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MADRID, Oct 25 (Reuters) - Bankinter’s mortgage business has not been affected by last week’s court ruling that banks, not customers, were responsible for paying stamp duty in Spain, its chief financial officer said on Thursday.
The ruling has created uncertainty about how much of the duty banks would pay and how much they can pass on to customers, and hurt Spanish banking shares in the past week.
Spain’s Supreme Court still has to make a final decision early next month on who should pay the duty.
“We continue business as usual in the new mortgage production (...) and continue to sign mortgages according to our calendar,” Gloria Hernandez told analysts.
Bankinter’s issue of new mortgages rose 11.8 percent to 1.88 billion euros in the first nine months of this year, compared to the same period of 2017.
Hernandez said the bank had taken on the payment of mortgage stamp duty since last Friday, a day after the court ruling, and hoped the measure would not be applied retroactively to before last week’s ruling.
Shares in Bankinter have fallen around 3 percent since the announcement of the first ruling last Thursday.
The back and forth over the Supreme Court’s decision has prompted the country’s banking association, AEB, to demand greater legal security and predictable rules.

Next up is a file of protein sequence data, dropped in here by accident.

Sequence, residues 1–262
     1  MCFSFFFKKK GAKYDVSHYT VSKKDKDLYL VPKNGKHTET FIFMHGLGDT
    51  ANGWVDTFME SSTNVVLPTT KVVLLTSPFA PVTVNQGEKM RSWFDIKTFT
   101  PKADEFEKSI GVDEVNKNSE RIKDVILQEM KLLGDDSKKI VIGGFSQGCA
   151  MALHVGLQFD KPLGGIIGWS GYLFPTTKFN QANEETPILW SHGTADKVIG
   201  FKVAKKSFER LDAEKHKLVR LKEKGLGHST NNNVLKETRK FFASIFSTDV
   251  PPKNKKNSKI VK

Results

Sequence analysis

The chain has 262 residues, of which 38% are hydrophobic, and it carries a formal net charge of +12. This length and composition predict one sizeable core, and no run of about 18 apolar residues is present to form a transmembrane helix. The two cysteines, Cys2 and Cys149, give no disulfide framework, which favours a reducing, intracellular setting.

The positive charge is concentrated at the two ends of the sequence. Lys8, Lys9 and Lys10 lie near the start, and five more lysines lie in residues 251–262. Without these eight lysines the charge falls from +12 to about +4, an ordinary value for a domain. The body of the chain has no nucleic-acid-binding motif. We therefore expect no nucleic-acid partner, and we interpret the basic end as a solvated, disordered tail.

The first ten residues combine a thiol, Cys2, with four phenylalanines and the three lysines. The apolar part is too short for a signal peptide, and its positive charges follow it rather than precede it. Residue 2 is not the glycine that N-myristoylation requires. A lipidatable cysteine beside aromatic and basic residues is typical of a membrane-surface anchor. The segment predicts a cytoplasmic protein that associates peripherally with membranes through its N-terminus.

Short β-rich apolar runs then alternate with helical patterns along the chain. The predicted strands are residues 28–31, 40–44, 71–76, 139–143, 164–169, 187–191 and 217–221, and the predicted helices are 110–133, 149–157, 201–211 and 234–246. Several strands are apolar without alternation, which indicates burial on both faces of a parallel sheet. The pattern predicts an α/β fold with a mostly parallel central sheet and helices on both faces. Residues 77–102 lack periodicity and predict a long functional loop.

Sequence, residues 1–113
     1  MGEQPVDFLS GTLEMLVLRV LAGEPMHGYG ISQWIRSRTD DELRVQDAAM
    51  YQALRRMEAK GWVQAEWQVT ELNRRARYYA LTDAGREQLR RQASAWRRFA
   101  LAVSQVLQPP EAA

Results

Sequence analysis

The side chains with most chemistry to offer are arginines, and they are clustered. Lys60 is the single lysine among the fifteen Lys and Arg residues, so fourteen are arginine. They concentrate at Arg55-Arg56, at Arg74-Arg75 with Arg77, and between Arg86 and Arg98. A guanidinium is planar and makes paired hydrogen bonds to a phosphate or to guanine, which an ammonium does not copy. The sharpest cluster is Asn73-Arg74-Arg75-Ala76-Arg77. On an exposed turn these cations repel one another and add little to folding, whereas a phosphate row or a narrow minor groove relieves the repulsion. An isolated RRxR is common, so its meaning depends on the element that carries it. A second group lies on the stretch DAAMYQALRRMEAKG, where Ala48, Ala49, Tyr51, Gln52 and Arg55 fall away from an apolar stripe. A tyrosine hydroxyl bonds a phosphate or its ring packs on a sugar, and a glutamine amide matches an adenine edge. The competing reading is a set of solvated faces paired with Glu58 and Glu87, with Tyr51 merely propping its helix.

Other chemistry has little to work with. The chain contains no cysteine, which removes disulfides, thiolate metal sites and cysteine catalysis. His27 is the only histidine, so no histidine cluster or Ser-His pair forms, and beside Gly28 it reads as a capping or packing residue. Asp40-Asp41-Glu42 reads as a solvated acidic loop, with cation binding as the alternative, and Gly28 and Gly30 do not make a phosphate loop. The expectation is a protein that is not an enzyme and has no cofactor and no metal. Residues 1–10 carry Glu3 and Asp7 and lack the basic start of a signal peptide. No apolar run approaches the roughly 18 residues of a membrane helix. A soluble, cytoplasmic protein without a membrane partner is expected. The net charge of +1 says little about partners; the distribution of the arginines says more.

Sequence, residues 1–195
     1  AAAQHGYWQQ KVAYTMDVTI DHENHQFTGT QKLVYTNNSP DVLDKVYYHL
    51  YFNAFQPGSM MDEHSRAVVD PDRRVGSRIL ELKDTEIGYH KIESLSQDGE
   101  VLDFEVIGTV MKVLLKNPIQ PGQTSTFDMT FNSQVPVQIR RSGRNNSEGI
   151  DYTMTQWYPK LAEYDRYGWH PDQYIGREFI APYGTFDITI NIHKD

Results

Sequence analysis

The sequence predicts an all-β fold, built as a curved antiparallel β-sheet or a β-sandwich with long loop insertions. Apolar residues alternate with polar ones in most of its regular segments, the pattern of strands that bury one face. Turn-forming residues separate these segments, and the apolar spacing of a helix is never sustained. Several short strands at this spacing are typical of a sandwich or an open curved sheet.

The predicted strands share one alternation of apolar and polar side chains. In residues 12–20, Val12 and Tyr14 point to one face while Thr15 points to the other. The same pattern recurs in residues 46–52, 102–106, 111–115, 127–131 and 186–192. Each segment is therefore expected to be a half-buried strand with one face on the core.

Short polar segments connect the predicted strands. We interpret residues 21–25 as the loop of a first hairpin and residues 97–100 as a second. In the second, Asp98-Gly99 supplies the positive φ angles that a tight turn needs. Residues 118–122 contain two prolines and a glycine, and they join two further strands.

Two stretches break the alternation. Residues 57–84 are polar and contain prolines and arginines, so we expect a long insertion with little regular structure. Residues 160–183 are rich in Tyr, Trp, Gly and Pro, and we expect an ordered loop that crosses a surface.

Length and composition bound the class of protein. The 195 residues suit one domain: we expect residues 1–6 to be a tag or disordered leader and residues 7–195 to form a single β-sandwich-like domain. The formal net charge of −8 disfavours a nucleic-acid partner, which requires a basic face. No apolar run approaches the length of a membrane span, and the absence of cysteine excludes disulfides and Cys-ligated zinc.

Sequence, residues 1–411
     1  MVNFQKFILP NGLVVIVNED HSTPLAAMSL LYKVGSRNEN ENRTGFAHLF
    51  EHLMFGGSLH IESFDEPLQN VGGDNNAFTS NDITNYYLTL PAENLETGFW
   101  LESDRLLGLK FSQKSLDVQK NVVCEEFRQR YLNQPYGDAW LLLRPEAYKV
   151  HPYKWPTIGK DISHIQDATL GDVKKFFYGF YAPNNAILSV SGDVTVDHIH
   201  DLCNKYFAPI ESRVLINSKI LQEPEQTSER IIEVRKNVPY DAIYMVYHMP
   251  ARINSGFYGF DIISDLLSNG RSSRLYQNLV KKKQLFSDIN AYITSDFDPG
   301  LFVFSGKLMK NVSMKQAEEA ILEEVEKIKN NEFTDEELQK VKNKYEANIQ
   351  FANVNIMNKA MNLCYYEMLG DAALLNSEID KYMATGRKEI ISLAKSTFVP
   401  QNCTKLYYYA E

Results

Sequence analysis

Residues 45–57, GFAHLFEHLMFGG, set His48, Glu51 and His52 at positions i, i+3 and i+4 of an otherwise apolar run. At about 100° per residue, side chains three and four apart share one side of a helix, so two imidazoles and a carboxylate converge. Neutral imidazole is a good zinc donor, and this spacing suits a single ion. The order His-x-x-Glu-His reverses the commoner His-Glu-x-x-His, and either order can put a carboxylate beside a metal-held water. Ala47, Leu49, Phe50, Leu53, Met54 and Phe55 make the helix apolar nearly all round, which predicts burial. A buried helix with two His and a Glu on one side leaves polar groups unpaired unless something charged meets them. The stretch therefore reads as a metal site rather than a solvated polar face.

Hernandez said it was too early to assess the final impact of the current ruling and said any potential cost could be shared with the customer over the life of the mortgage.
Some media reports have suggested the ruling could be applied retroactively going back as much as four years.
“Reported figures about the sector and Bankinter are not at all grounded on reality. In certain assumptions these figures are certainly lower than those that have been reported,” she said.
Investment bank Alantra had estimated potential losses for the Spanish banking sector in a worst-case scenario at up to 14.5 billion euros ($16.5 billion) and an impact on Bankinter of around 500 million euros if the move was applied to their entire back-book of mortgages.
Bankinter on Thursday reported a 5.5 percent rise in third-quarter net profit to 142.4 million euros, above analysts’ forecast of 134 million euros. ($1 = 0.8768 euros) (Reporting By Jesús Aguado; Editing by Paul Day and Susan Fenton)